North Carolina Senate Bill Would Create Citizens Property Insurance Board To Make Recommendations on North Carolina Rate Bureau Rates - Colodny Fass

North Carolina Senate Bill Would Create Citizens Property Insurance Board To Make Recommendations on North Carolina Rate Bureau Rates

Date Published: 04-03-2011

 

A bill filed in the North Carolina Senate on March 22, 2011 would create the "North Carolina Citizens Property Insurance Board" for the purpose of reviewing, investigating and making appropriate recommendations to the North Carolina Insurance Commissioner with respect to the reasonableness and consistency of rates charged or filed by the North Carolina Rate Bureau ("Bureau").

Sponsored by Senator Thom Goolsby, SB 395 is intended to provide public input and accountability in North Carolina's insurance rate setting process.  Currently, the Bureau negotiates rates directly with the State's Department of Insurance on behalf of insurance companies, with the Insurance Commissioner approving the final rate.  To view the bill, click here.

The bill would create an 11-member advisory board {"Board") that would also have the power to investigate policyholder complaints, hold hearings and intervene in appeals.  The final decision on the insurance rates would still rest in the hands of the Insurance Commissioner.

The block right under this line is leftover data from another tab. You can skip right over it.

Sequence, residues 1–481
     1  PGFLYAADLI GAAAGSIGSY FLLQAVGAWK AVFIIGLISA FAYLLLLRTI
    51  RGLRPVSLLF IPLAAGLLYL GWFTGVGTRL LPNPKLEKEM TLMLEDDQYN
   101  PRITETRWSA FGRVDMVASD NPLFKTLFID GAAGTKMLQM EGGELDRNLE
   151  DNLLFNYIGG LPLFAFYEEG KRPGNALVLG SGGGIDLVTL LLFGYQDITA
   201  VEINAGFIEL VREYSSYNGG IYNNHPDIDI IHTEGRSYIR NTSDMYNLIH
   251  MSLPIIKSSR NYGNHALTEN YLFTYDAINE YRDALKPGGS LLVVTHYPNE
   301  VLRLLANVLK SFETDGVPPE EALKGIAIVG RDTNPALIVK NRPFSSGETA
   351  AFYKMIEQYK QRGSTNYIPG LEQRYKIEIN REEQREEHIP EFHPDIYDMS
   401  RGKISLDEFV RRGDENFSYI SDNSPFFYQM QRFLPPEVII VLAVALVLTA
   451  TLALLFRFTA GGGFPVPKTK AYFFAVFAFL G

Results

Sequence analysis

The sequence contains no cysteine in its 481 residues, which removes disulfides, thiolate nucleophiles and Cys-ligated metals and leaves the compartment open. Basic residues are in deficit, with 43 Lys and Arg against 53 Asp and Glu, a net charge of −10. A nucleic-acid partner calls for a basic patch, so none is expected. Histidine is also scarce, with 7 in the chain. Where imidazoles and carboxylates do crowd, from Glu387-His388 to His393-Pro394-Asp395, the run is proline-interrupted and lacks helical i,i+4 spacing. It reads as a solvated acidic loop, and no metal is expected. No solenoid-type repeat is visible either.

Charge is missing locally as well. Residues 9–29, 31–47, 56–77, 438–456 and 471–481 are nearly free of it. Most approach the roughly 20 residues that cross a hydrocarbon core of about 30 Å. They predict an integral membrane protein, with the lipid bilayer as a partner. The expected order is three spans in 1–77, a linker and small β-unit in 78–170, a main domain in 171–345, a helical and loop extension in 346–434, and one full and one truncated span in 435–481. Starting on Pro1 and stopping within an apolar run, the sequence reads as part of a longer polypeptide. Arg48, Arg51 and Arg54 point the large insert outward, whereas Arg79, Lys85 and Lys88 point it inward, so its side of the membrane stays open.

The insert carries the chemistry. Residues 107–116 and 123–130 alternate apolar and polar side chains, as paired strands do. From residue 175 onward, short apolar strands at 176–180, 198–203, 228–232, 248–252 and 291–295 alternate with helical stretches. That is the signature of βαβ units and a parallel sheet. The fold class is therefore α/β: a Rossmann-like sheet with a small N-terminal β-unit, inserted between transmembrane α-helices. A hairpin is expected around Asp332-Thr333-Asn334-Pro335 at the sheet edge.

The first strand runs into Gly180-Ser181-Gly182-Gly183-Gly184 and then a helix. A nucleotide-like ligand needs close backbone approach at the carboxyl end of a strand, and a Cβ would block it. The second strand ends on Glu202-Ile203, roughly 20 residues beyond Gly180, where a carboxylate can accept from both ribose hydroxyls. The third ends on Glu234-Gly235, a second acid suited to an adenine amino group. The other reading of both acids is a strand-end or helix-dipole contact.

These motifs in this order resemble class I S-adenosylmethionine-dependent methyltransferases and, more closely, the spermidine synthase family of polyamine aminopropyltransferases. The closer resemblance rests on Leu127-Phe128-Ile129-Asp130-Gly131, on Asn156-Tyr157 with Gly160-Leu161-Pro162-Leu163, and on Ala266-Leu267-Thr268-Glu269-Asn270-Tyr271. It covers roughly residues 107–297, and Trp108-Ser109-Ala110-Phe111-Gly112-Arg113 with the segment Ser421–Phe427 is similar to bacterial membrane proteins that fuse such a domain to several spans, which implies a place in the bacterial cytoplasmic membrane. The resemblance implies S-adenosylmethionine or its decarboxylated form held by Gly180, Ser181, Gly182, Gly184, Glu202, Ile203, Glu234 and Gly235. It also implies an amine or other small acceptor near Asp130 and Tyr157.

In addition, SB 395 includes a provision requiring the Bureau to share, upon request, all information and analysis it compiles in support of a property rate filing with the Board. 

Currently there are no scheduled hearings on the bill, which has been referred to the Senate Insurance Committee ("Committee"). 

North Carolina's Senate Insurance Committee meets every Wednesday at 10:00am.  Once the chairman places the bill on the committee's agenda, the sponsors will present the bill and there will be an opportunity for public comment.   The Committee will then decide if the bill should be stopped in committee or shall move forward.  

If the Committee approves the bill, it will then be sent for consideration to the full Senate body. Once in the Senate, there would be two additional readings and votes. If the bill passes through the Senate successfully, it is then forwarded to the House of Representatives to go through the same process starting first in Committee, since there is currently no companion bill in the House.  Once the bill passes through both houses in the same format, it is taken to the Governor for signature.